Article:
Name That Toon

When Sinclair Lewis received the Nobel Prize for Literature in 1930, one bemused onlooker, George Bernard Shaw -- a winner of the same award in 1925 -- made the following observation: "I have defined the hundred percent American as ninety-nine percent an idiot." No doubt Shaw's scintillating wit would be sorely tested to comment on American movies in the latter half of the Twentieth Century. Contemporary cinema -- good or bad -- that deals with the human condition is rare in these parts: on the screen, fantasy begets fantasy with a frequency comparable to inner-city homicides and jerkwater sex crimes. Escapism has become a modus vivendi in a popular art form that, from its earliest inception, endeavored to enhance reality rather than supplant it. Meanwhile, contemporary audiences savor their intellectual diet -- the equivalent of Coke, Goobers, and Sweet Tarts -- as a gourmand would a dinner at the Moulin des Mougins in the South of France. Perhaps the Irish critic's one percent has finally given way.

Consider the first of two fantasy-adventure features that opened last week, Prelude to a Kiss. As has become the norm in material-hungry Hollywood, the film was originally a successful play by Craig Lucas in New York, with Alec Baldwin in the lead role of Peter Hoskins, a young man who marries the woman of his dreams, only to have her soul enter the decrepit body of an ailing old man who makes an unsolicited appearance at their wedding. The plot has Peter attempting to return the souls back to their respective hosts so that he can live happily ever after with his bride. This adaption (also by Lucas) is directed by Norman Rene, whose AIDS drama Longtime Companion looms like Dostoyevsky beside this run-of-the-mill romance fluff. It's also the latest member of an interminable assembly of out-of-body spectacles (such as, to name two, All of Me and Ghost). The action has been expanded for the screen, with the setting moved from New York to Chicago (after a strike forced production away from the Big Apple).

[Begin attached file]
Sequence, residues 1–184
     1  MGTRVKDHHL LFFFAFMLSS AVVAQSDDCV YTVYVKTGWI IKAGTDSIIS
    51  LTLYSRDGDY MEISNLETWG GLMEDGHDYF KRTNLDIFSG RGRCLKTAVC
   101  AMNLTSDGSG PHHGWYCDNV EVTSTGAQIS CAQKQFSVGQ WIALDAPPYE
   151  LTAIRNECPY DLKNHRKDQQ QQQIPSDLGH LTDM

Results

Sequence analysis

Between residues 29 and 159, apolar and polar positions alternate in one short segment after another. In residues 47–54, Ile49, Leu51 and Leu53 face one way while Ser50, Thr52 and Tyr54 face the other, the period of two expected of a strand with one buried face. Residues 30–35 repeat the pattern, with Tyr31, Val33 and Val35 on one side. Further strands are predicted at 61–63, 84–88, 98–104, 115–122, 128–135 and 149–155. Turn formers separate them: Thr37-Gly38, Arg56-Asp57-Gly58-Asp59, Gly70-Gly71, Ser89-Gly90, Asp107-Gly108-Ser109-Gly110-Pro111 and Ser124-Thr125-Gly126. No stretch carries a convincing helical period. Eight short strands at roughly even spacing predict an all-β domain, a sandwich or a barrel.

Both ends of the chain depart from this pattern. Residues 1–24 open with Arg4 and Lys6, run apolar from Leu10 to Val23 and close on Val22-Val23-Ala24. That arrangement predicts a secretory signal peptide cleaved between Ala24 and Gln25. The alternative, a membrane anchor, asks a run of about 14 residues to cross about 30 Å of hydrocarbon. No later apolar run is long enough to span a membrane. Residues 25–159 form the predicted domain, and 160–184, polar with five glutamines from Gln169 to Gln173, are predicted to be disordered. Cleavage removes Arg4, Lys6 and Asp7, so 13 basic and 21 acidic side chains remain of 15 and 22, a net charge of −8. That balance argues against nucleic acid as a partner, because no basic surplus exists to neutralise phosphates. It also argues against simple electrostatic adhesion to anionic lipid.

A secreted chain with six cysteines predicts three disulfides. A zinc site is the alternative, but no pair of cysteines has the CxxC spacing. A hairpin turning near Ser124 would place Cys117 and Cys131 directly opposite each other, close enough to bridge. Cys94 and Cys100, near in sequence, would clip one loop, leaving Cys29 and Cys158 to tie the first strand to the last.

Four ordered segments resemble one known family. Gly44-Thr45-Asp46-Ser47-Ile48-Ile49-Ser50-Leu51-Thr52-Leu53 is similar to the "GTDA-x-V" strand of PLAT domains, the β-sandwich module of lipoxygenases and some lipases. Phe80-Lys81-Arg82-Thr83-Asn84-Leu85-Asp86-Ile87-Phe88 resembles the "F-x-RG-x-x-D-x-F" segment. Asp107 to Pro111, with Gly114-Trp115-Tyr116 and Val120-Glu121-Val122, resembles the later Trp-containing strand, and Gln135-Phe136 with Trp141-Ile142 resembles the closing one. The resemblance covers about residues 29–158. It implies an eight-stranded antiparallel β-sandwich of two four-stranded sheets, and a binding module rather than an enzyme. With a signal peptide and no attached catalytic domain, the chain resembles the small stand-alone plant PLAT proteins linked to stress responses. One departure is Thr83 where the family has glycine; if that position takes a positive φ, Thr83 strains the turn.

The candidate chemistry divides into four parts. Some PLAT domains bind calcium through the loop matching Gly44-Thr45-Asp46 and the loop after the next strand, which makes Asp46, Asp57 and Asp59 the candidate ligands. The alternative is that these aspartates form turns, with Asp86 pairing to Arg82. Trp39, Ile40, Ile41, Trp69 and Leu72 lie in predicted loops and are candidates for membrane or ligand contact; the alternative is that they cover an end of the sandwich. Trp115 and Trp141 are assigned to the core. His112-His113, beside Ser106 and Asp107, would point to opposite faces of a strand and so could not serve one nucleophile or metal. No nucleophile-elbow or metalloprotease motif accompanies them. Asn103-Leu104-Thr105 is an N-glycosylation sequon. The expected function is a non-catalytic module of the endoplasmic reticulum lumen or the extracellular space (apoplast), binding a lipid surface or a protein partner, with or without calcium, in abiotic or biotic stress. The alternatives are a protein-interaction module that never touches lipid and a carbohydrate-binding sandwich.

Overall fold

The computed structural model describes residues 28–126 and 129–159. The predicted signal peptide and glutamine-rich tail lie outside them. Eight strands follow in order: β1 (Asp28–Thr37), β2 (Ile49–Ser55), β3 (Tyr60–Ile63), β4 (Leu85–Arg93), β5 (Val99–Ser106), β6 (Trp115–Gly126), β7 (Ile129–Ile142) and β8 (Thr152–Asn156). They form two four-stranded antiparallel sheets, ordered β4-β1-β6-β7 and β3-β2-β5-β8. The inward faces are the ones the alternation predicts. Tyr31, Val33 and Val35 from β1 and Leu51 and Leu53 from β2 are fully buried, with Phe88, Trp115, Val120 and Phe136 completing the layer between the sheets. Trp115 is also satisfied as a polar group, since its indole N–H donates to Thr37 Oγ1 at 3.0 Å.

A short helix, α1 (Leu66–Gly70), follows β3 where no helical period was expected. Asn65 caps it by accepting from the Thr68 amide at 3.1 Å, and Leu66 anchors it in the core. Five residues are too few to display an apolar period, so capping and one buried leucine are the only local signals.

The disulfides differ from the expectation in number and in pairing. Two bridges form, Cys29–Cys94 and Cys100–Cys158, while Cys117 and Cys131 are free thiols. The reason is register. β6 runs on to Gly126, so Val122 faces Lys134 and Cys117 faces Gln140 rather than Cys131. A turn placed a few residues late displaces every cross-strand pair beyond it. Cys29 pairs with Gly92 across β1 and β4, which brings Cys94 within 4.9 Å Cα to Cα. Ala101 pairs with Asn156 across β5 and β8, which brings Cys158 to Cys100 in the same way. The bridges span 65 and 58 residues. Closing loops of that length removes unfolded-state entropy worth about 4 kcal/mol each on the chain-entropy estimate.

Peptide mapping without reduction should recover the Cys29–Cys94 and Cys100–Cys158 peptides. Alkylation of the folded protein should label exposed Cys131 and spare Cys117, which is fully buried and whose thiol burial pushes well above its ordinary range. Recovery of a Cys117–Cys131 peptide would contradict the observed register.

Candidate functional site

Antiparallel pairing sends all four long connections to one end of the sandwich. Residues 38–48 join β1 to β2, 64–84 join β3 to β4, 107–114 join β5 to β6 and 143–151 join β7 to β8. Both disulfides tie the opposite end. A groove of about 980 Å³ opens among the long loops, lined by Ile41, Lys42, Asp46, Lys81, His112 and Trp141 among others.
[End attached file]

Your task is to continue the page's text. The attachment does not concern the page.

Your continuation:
I've never been an admirer of Alec Baldwin, either on film or stage. (I saw him in an off-Broadway production of Joe Orton's Loot in the Eighties, and he had about as much fizz as a glass of Evian.) His peculiar brand of low-rent manliness can doubtless set a woman's heart on fire, much the way Clark Gable did in the Thirties. But Baldwin, who reprises his stage performance in Prelude to a Kiss, cannot act without deeply incriminating himself. The role of Peter requires a subtle sense of existential displacement, a bottom-of-the-barrel melancholy, that Baldwin sketches but doesn't inhabit. When he cries at the loss of his symbiotic other half, he looks as foolish as Dudley Moore harking for a highball.

Baldwin gets little help from Meg Ryan, who plays his wife, Rita, or from the veteran stage actor playing the unnamed old man, Sydney Walker. Ryan's apple-pie, cheerleaderish face communicates one single emotion -- self-satisfaction. Blond and pert as she is, Ryan comes to life only when playing Rita after the old man's soul has entered her body. Meg is as sweet and forgettable as a cherry soda.

As for the 71-year-old Walker, his singular contribution is an appearance that authentically reproduces the ashen look of rigor mortis on a corpse bound for the freezer. The one supposedly controversial scene, where Peter kisses the grandpa full on the lips, drew a sustained "Eeeeewwww" from the audience at the screening I attended. But I suspect this uniform expression of disgust was emitted not because two men were smooching, but for fear of the beefy Baldwin's lips turning gray after pecking the old boy's putrid flesh. (Why wasn't Barnard Hughes, the oldster in the theater version, or another character actor of similar caliber, cast instead?) Prelude to a Kiss is dull, boneheaded entertainment, nothing more.

Much more ambitious and exciting, though by no means perfect, is the return of animator Ralph Bakshi and his new film, Cool World. Funkier in outline than the other film in recent memory to combine live action with animation -- namely Robert Zemeckis's Who Framed Roger Rabbit? -- Bakshi's virtuosic array of phantasmagorical imagery sets your pulse racing over 100 beats per minute, a good thing after the snail-paced Prelude. But the tempo is unrelenting -- Bakshi doesn't let up -- which ultimately spoils the initial heart-pounding energy of the cartoon film.